Second, people use othering as a means to enhance their own social position. The philosopher Michel Foucault emphasized that people tend to engage in these practices because they believe—consciously or not—that it enhances their own power. Through the language and norms of othering, people attempt to place themselves in the higher rungs of the social hierarchy. Tendencies toward othering are especially strong when individuals and groups are locked in competition for scarce resources.

Third—and perhaps most importantly—people are motivated to engage in othering because they see it, erroneously, as a path to find their own belonging. The great American novelist and scholar Toni Morrison once asked,

What is the nature of Othering’s comfort, its allure, its power (social, psychological, or economical)? Is it the thrill of belonging—which implies being part of something bigger than one’s solo self, and therefore stronger? My initial view leans toward the social/psychological need for a stranger, an Other in order to define the estranged self.

Under conditions of disconnection and perceived scarcity, we are, as Morrison points out, often estranged from ourselves—cut off from meaning and resilience. This kind of estrangement is uncomfortable. So, we’ll often go to extreme lengths to fill the void.

Morrison spoke of how othering could manifest as the impulse “to own, govern, and administrate,” which, in turn, could fuel the flames of colonialism, and enable slavery, genocide, apartheid, political demagoguery, wage discrimination, and militarized policing. These are the most visible consequences of othering.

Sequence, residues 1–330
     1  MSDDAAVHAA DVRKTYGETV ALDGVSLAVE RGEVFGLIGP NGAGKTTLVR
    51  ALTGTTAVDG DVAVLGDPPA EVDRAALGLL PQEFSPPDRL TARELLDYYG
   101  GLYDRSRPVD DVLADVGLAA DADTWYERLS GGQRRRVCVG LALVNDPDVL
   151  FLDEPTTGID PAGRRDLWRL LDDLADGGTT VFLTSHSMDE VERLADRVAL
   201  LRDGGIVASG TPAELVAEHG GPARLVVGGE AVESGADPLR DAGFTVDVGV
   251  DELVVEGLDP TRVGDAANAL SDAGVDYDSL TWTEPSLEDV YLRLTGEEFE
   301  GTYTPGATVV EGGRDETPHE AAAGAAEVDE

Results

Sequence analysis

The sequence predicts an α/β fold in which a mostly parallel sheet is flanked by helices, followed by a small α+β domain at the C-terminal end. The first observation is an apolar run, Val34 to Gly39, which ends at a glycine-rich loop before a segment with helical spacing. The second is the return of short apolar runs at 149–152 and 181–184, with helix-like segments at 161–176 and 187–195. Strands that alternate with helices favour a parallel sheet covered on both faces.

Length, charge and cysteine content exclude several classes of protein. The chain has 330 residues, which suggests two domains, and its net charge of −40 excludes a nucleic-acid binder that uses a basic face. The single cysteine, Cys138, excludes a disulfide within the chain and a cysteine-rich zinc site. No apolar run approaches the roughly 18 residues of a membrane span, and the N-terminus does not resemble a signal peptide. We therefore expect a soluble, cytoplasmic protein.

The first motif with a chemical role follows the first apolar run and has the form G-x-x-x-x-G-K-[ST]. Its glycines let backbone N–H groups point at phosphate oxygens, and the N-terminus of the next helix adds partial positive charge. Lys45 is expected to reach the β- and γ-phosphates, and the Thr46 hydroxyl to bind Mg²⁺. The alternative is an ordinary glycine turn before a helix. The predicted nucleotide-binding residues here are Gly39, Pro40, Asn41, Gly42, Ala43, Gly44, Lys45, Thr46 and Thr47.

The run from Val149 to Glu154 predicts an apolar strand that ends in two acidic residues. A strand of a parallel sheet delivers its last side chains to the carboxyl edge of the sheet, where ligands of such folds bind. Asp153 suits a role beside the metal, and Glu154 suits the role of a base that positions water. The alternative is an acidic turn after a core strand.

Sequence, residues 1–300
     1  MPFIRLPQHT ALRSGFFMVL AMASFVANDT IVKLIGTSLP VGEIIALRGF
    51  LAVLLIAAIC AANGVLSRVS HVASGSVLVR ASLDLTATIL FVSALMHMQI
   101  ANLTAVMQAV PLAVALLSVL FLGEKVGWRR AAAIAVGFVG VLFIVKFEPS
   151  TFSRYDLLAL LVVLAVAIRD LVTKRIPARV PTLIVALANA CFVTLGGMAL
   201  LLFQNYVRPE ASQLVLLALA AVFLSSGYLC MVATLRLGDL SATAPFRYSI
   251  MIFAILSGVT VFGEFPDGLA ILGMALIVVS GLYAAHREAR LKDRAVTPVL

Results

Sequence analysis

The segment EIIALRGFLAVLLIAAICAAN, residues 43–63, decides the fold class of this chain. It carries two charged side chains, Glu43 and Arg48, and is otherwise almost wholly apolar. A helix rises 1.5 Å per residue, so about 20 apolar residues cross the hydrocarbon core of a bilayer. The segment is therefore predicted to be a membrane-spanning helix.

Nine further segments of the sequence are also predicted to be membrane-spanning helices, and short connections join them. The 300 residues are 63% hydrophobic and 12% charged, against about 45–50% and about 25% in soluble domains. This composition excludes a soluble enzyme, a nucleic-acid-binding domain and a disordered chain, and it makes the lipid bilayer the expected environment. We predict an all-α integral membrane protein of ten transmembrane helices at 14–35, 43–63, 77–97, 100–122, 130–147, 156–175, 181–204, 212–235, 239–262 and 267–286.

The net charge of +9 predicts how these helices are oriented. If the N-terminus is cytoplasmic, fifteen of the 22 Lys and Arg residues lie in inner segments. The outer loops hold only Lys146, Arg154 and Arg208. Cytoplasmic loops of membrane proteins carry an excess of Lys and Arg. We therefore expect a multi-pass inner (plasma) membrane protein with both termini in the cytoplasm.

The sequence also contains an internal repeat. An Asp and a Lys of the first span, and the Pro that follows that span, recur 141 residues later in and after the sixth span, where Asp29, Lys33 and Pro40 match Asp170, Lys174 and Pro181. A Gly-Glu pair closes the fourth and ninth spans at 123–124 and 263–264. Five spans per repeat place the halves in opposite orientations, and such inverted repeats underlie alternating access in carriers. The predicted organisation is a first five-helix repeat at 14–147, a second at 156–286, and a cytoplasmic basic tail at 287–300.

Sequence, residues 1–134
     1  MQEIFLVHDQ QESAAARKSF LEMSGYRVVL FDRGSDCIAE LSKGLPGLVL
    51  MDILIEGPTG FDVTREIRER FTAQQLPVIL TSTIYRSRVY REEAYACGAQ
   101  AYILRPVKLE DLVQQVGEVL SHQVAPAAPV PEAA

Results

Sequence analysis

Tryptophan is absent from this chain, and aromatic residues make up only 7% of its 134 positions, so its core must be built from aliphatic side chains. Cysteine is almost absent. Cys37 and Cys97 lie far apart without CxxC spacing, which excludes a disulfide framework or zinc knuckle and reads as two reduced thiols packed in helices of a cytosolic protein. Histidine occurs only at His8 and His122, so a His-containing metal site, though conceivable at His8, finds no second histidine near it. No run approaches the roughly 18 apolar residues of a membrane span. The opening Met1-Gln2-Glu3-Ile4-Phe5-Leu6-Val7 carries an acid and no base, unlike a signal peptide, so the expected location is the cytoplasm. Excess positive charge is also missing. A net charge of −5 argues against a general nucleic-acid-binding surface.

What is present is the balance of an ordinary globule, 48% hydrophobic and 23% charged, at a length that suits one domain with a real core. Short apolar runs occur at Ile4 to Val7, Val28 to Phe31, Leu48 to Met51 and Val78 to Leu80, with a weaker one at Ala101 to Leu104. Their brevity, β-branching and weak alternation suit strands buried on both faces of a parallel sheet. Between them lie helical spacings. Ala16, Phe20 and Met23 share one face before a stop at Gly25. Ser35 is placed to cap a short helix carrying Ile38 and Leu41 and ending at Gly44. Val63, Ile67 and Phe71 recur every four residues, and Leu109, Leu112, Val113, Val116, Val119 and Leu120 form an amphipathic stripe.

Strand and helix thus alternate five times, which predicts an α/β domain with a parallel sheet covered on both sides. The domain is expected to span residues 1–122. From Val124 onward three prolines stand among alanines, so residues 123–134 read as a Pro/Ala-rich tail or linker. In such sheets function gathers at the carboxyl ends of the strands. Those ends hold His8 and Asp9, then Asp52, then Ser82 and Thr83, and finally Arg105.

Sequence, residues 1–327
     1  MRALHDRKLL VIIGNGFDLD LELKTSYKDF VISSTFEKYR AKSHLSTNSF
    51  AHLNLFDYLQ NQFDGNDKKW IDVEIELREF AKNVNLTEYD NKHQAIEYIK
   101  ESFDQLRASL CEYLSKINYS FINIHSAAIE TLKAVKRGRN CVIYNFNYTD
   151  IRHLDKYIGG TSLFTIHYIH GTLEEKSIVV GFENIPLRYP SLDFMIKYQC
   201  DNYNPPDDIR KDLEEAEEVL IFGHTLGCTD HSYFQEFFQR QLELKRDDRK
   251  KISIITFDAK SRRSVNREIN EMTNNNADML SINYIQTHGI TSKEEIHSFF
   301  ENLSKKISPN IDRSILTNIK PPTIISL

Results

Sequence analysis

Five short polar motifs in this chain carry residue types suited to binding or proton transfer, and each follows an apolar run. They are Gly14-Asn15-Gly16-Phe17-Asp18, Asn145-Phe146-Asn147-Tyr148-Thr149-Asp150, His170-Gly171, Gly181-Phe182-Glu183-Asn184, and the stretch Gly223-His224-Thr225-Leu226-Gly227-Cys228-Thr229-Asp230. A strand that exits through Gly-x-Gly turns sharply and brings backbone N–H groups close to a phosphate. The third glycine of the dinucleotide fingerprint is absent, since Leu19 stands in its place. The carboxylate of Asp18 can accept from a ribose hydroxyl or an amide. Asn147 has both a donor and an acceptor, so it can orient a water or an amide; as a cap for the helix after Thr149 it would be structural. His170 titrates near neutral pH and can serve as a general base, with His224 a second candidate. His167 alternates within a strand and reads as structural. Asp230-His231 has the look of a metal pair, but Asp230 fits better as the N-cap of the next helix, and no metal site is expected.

But in contrast to this desire to “own, govern, and administrate,” we also see “othering” manifest as what appears to be passive, systemic indifference. This includes subtle cues of not belonging, like microaggressions of language and refusals to listen. It includes policies that don’t purport to be discriminatory but, in reality, result in the perpetuation of multigenerational inequities.

In researching my new book, On Belonging: Finding Connection in an Age of Isolation, the power of Morrison’s explanation became clearer to me. Othering isn’t just a false path to belonging. We might also see it as the shadow side of belonging.